A Window, a Message, or a Medium? Learning from Instagram

My upcoming talk at International Conference on Mobile and Social Media Practices (organized by Dr. Tristan Thielmann).

June 19-21, 2014
The University of Siegen


A Window, a Message, or a Medium? Learning from Instagram


Over last few years, tens of thousands of researchers in social computing and computational social sciences started to use available data from social networks and media sharing services (such as Twitter, Foursquare and Instagram) created by users of mobile platforms. The research uses techniques from statistics, machine learning, and visualization, among others, to analyze all kinds of patterns contained in this data and also (less frequently) propose new models for understanding the social. The examples include analysis of information propagation in Twitter, predicting popularity of photos on Flickr, proposing new sets of city neighborhoods using Foursquare users check-ins, and understanding connections between musical genres using listening data from Echonest.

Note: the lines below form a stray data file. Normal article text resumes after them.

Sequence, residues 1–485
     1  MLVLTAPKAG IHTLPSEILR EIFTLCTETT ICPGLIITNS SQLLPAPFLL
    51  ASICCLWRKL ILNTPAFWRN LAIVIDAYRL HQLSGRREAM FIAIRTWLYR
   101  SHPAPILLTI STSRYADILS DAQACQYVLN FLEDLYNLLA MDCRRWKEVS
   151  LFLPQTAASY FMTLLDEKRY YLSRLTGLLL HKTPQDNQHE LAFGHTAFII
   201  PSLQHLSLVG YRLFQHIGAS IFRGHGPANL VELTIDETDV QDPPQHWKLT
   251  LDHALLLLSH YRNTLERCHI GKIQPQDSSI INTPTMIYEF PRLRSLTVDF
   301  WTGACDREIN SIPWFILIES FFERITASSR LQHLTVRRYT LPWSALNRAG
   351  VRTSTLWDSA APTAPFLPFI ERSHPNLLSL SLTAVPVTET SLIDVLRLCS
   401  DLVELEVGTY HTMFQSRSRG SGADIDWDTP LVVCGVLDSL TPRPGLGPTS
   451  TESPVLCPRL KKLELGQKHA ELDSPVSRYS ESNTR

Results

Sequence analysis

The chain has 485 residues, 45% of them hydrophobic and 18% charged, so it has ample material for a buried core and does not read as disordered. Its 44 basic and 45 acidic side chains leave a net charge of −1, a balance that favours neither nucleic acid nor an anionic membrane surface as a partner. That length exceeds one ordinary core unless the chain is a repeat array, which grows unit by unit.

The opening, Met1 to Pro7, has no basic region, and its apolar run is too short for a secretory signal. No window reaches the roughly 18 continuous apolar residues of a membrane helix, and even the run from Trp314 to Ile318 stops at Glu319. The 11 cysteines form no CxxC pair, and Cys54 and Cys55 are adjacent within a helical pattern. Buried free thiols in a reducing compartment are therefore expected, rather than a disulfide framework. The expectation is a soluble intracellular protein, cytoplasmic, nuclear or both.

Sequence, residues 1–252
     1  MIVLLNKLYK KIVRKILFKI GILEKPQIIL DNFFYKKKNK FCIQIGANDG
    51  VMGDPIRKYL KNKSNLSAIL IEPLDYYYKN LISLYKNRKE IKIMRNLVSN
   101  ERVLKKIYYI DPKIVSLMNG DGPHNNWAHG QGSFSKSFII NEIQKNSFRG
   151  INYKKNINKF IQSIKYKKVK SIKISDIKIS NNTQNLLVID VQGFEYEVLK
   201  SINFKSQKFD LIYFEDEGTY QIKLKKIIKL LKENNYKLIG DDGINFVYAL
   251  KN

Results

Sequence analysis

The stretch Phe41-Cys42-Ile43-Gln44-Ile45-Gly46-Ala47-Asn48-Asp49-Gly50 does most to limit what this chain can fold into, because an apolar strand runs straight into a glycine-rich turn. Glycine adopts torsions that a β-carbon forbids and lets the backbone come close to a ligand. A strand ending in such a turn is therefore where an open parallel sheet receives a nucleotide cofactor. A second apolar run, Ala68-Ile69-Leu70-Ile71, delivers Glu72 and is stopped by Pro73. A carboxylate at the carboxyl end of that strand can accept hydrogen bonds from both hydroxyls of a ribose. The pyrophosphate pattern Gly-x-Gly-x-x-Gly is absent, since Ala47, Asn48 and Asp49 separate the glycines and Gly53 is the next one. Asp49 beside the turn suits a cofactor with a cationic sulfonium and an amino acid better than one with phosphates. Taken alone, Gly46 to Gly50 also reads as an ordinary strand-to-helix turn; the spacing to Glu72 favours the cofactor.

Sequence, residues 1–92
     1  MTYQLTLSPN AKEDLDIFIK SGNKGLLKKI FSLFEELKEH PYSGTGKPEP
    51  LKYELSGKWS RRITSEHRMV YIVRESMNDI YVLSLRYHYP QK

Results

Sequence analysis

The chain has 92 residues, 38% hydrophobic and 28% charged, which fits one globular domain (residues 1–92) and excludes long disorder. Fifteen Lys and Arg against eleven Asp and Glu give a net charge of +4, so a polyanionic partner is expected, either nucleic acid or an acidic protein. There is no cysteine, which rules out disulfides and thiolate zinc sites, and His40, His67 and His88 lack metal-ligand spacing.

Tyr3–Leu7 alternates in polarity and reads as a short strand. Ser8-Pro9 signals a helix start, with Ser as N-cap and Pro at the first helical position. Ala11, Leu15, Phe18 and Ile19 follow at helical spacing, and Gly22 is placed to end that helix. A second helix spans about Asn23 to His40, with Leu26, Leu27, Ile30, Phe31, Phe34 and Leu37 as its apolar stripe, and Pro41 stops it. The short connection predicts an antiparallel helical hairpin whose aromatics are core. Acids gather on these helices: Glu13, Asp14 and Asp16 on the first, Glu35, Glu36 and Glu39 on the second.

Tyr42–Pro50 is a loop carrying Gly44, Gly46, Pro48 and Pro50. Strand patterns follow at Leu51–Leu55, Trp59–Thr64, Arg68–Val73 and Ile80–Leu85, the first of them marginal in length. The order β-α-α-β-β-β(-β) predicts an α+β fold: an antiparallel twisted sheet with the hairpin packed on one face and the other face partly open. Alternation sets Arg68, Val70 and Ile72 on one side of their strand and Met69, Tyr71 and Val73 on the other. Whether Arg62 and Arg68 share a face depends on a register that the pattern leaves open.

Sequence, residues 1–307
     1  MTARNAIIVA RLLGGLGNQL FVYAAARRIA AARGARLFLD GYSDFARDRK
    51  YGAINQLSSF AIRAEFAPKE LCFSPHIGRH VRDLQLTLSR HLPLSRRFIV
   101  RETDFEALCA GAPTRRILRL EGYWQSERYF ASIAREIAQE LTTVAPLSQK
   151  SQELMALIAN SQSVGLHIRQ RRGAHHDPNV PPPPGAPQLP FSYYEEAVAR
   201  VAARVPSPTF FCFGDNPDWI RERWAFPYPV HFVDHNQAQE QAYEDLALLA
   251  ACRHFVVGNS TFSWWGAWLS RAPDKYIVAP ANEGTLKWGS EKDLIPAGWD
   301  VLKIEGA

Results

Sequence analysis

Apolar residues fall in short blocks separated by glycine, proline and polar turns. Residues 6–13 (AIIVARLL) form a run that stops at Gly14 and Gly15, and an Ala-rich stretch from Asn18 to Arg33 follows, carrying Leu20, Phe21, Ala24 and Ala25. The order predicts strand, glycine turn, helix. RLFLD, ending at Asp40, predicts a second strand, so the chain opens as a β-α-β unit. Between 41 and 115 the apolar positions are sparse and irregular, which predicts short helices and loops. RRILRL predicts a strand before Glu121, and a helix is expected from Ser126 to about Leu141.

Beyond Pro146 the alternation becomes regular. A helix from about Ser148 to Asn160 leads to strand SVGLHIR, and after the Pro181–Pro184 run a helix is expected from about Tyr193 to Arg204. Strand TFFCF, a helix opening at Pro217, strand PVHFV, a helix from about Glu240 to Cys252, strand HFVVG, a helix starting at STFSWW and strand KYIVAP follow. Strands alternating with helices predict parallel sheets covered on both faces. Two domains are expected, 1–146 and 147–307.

In my talk I will address a fundamental question we face in doing this research: what exactly are we learning when analyzing massive social media data? Is it a window into real-world social and cultural behaviors, a reflection of lifestyles of particular demographics who use mobile platforms and particular network services, or only an artifact of mobile apps? In other words - is social media a "message" or a "medium"?

I will discuss this question using three recent projects from my lab (softwarestudies.com). The projects use large sets of Instagram images and accompanying data together with data science and visualization tools. Phototrails.net (2013) analyzes 2.3 million photos from 13 global cities to investigate how different kinds of events are represented in these photos. The project also investigates if the universal affordances of Instagram app (same interface and same set of filters available to all users) result in universal digital visual language. Selfiecity.net (2014) analyzes the distinct artifact of mobile platforms – selfies. We compare thousands of selfies to see if cultural specificity of different places and cultural is preserved in this genre. Finally, our third project compares Instagram photos taken by visitors in a few major modern art museums, asking if photographs of famous works of the art differ depending on what these artworks are and where they are situated.